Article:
As senior legal coordinator for Boston-based immigration and employment law firm Tocci, Goss, & Lee, Laurel Woodward juggles 20-30 cases at one time, working on an alphabet soup of visa categories: from employment-based green cards such as EB-1 and EB-2 to National Interest Waivers (NIW). For the uninitiated, these are visa categories that allow foreign workers to remain in the United States, including the highly educated clientele of Tocci, Goss, & Lee, PC, which includes the very best and brightest foreign scientists, such as a brilliant Harvard astrophysicist from Greece or a talented pianist from Japan.
As a legal assistant, Woodward is one of two paralegals who works with three attorneys, helping clients maneuver the complex maze of federal, state, and local employment regulations and laws, a process that can be confusing and lengthy. Her days are filled with answering e-mails, writing support letters, entering information into an electronic database, filling out forms, dealing with national visa centers and government agencies, and corresponding with immigration or the Department of Labor. It’s a job that she found herself in after graduating from college with a degree in English and Spanish. “I considered becoming an attorney, and thought that working at a law firm was a good way to check this out,” says Woodward.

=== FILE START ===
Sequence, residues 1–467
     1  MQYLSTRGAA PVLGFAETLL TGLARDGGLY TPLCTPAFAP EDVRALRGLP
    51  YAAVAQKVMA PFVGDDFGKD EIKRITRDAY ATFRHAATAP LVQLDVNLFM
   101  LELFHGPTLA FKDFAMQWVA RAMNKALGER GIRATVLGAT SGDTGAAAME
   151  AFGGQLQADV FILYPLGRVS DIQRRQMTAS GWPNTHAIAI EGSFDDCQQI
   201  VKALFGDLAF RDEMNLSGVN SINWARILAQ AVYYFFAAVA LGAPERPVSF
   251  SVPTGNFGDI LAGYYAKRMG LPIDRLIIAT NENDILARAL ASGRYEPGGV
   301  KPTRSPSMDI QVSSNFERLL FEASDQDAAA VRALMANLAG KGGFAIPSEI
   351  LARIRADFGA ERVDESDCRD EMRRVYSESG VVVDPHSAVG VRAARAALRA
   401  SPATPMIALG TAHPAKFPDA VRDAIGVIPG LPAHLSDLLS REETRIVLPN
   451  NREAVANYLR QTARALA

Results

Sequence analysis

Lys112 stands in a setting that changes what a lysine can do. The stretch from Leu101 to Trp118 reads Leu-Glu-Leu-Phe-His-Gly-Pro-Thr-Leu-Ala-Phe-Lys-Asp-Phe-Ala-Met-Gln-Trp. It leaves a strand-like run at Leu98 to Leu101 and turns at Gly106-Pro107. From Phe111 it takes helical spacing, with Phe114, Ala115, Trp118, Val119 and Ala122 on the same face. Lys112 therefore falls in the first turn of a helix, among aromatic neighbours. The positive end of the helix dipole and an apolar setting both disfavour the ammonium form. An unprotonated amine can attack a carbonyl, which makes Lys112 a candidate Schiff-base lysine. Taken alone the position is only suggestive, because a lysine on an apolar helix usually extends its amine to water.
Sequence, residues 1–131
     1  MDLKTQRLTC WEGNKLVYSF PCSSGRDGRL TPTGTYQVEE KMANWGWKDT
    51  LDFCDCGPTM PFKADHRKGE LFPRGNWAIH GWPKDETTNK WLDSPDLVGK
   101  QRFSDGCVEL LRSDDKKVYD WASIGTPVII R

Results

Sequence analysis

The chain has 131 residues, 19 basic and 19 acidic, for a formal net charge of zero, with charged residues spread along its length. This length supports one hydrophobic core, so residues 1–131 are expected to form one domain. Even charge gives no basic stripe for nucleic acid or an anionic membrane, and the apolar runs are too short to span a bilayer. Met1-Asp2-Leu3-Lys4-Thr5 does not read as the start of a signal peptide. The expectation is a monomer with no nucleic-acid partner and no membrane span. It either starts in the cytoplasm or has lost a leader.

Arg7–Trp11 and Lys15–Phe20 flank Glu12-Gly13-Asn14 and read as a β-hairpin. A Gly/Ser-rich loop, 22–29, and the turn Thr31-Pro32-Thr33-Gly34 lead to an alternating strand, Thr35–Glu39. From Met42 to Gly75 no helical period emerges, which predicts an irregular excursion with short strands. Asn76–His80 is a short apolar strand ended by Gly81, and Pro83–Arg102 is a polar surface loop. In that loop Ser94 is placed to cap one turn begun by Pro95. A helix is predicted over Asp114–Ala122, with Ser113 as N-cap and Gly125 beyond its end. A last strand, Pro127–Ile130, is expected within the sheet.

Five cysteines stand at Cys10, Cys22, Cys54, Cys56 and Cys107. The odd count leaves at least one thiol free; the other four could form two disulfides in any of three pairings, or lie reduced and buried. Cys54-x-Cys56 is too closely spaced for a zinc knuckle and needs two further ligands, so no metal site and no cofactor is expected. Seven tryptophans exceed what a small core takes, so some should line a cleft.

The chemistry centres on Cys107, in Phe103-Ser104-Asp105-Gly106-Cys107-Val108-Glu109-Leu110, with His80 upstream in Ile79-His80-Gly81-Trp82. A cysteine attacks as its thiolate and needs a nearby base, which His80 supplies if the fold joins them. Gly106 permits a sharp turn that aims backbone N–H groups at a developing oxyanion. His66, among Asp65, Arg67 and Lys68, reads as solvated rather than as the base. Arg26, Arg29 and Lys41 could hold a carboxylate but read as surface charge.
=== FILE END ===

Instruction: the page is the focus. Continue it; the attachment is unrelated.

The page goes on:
A recent “best job” list ranked paralegals as higher than lawyers or even federal judges, based on employment outlook, working environment, and stress level. Employment of paralegals – a term that is used interchangeably with legal assistant – is expected to grow 22 percent to 2016, especially as law firms use paralegals as a way of expanding legal services.
Q: This is supposed to be a field with rapid job growth. What advice would you give to someone who is considering becoming a paralegal?
A: To work at most law firms, you’ll need a paralegal certificate or a bachelor’s degree. Think about the type of atmosphere that you like to work in, because working for a large law firm versus small is very different. And personality plays a big role in the job too, so find an attorney you enjoy working with.
Q: Your work ultimately, in many cases, helps people become citizens of the United States. What was one of the more rewarding cases that you’ve worked on?
A: It felt really good the first time I helped write a support letter for one of our “alien of extraordinary ability cases” and had it approved by an attorney, who examines all of our work. These “extraordinary ability” cases are people who have risen to the top of their field of endeavor and seek to enter the United States to continue work in the area of extraordinary ability.
Q: What are the frustrating aspects of your job?
A: Dealing with all the different personalities. There’s a lot of negotiating and mediating involved, which can get trying at times. Everyone has a bad day, after all. But, on the other hand, a lot of people are grateful for our help. I have a bulletin board with e-mails printed out that say “thank you for your help.” It’s great seeing people so happy because they got their green card.
Q: Has working at an immigration law firm made you appreciate being an American citizen more?
A: Definitely, I think mainly because how much time and money and effort that people are willing to put in to become an American citizen. We take so much for granted.